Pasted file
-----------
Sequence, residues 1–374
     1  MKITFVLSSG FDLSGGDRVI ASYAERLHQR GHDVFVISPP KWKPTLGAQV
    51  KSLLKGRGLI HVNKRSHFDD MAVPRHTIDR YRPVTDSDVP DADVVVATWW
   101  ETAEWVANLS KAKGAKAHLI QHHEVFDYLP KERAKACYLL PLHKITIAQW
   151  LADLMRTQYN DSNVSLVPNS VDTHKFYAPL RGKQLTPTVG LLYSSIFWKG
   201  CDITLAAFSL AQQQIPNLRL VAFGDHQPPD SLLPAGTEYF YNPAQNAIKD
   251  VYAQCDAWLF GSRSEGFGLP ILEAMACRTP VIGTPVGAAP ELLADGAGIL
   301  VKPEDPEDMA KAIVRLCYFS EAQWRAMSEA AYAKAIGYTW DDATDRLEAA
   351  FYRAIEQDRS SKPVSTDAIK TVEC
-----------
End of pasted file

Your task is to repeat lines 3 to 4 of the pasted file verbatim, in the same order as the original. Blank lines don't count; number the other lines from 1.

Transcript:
    51  KSLLKGRGLI HVNKRSHFDD MAVPRHTIDR YRPVTDSDVP DADVVVATWW
   101  ETAEWVANLS KAKGAKAHLI QHHEVFDYLP KERAKACYLL PLHKITIAQW